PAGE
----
You can name us. . . . . . . . .
. .Wade . and . Jooper. . . . .
by Roberta Denn
As the sun was going down in the evening, the Cobb family were all nestled in a bedroom with Grandpa Cobb laying comfortably in his bed. Grandpa Cobb was old and sick. He loved being around his family but knew it was time to go to heaven and let his family remember him in his good old days. He squeezed the hands that held his. Grandpa Cobb’s grandson was crying softly as he clung to his Grandpa’s hand.
Meanwhile, on the other side of the pasture, Wade and Jooper were playing tag on a Mulberry bush, while sneaking berries in their beaks as an early morning snack. Of all the cardinals, Wade and Jooper were the best of friends. They lived in the same grouping since they were born. They both were strikingly red and could be seen from a mile away. For now, they played, until their school session started.
Ms. Beakling was the bird teacher. She was going to teach the new and upcoming cardinals about their role with death and grieving.
“Okay, okay juvenile cardinals . . . let’s get in our seats. We have some serious lessons to learn today.”
Wade and Jooper took their seats and were waiting for their teacher to start.
Ms. Beakling drew a picture of a bird using her red chalk and while coloring it in, the class recognized it quickly. She then put an equal sign on the board and wrote the words “sign from heaven” next to it.
= SIGN FROM HEAVEN
“You see, boys and girls, we are an amazing creature. We are all types of red and we are known in the spiritual world as comforters.”
“Spiritual?” Wade asked while raising his wing.
“Yes, spiritual. Everything in this world is not to be seen . . . but some things are to be felt. We can’t SEE spirit . . . but we can FEEL spirit. It’s in our thoughts, we feel it in our hearts, it’s like an emotion. We can feel its presence, but we can’t actually touch it. Does that make sense to all of you?” All the red birds nodded their heads. “Spirits come from heaven. And that is where we come in.
“Today, I am here to let you in on a little secret about cardinals. Most humans don’t understand HOW this works. And I’m not sure how to explain it, other than to just tell you this. Now, little ones, listen closely.” Ms. Beakling started hopping down the aisles, in between the juvenile’s desks . . . she started to talk again, but this time it was in a soft whisper. “We, Cardinals . . . are MAGICAL!” All the juveniles looked around at each other and drew in their breath through their beaks . . . all at once, everyone let out an “EEP” of surprise and delight.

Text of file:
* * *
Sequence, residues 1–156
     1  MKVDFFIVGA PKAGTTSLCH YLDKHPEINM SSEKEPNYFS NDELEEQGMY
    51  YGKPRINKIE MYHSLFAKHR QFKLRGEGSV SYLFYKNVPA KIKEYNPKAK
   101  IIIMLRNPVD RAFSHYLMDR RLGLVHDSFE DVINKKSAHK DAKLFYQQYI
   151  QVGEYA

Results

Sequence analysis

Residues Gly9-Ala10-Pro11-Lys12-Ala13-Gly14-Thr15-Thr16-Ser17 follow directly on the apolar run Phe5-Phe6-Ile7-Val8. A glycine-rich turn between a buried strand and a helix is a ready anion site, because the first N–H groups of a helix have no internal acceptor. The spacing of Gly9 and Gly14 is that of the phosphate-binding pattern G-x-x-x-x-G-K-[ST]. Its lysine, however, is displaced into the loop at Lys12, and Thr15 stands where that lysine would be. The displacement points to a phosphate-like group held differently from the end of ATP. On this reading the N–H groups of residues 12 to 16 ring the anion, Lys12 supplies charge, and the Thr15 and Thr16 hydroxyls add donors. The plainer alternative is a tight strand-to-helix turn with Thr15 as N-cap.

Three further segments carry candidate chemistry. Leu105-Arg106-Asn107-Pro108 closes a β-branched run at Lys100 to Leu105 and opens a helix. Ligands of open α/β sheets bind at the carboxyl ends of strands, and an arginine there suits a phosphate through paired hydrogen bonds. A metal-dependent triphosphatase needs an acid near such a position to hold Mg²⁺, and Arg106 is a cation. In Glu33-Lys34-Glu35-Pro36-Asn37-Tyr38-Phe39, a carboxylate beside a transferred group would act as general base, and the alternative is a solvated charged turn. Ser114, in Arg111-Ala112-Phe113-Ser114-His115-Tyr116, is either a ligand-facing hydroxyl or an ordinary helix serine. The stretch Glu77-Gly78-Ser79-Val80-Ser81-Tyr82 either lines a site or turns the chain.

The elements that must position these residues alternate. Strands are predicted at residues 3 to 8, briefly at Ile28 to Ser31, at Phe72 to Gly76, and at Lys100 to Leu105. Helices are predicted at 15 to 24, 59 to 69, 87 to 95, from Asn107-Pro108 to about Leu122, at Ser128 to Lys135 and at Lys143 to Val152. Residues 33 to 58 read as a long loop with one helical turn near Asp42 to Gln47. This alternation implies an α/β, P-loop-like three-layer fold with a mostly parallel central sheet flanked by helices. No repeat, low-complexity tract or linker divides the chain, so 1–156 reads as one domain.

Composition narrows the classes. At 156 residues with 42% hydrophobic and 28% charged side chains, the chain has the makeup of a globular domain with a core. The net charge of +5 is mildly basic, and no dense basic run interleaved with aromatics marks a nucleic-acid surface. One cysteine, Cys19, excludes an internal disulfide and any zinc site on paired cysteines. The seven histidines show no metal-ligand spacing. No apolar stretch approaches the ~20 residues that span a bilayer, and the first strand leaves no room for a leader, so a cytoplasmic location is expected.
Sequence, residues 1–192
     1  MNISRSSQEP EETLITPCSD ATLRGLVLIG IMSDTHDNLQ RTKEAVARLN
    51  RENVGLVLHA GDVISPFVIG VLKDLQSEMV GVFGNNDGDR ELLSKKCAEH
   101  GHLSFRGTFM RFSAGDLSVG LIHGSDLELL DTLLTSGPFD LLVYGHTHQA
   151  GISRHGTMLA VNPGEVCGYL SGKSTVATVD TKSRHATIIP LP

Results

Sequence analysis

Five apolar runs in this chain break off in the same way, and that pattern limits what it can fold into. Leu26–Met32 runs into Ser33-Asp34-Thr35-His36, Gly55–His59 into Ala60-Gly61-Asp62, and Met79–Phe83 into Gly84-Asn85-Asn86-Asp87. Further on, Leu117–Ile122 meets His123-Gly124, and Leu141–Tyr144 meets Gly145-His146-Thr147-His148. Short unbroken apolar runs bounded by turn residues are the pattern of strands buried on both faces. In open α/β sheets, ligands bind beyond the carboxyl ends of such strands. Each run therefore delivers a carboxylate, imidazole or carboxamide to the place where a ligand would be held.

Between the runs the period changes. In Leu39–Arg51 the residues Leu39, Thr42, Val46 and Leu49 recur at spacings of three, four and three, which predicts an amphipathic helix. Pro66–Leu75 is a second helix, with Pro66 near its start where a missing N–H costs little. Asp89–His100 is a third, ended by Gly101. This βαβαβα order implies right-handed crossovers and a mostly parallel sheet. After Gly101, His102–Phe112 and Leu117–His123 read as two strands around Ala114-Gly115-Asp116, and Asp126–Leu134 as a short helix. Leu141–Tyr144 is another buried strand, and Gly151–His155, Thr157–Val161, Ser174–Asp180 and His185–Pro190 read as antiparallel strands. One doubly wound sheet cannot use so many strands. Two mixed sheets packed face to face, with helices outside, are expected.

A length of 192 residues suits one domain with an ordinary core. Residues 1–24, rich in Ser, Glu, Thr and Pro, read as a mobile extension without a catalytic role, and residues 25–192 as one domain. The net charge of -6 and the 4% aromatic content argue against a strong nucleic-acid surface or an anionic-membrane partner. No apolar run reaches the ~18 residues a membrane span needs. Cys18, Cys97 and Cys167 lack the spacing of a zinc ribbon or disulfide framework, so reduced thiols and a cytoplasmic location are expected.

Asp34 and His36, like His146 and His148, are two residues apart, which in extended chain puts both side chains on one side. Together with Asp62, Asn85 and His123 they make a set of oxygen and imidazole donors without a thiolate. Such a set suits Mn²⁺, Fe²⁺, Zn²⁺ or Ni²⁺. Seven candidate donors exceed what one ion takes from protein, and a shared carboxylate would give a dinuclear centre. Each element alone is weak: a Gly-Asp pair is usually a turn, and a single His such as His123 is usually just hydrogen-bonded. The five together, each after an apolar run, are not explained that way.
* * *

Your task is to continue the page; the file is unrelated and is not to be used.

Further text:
This time it was Jooper who raised his wing, “We are MAGicalllllll?”
“Yes, Jooper, we are. Let me explain this in the simplest way. When humans die and go to heaven, they are always with their loved ones, but in spirit only. Sometimes, humans will think about their loved ones and get really, really sad, hoping and wishing that their loved ones will come back to life, to talk to them . . . they want to know that the human that died is still with them and is thinking of them. THIS, my sweet juveniles, are where WE come in.
“We can hear the human voices that have died. They count on US to let the living humans know their loved ones are thinking of them. How? You ask. Just by showing up, and the living human sees us near them!!!! Isn’t that just soooo magical?”
All the juveniles were smiling and giddy with a newfound pride.
“So, when you see a human looking sad, your magical powers will help you hear the human that they lost and went to heaven. Your magical powers will then send you a message to deliver. You, my magical juveniles, will go to where the human is and show yourself to them.”
Wade lifted his wing, “Are we supposed to sit on their head? Or jump into their hands?” Ms. Beakling giggled generously at the juvenile’s innocence. “No, Wade.” The teacher hopped back into the aisles where the students were. “Class . . . when our magical powers go to work, we don’t have to jump in front of the human to make the magic appear. We can fly across the street that they’re driving on, or plop into the backyard and peck at the ground. We can jump on the stoop by their back window or sing loudly so they look up in the tree and see us. When the human sees us, they will think of their human in heaven and thank us for giving them “a sign” that they were thought of.”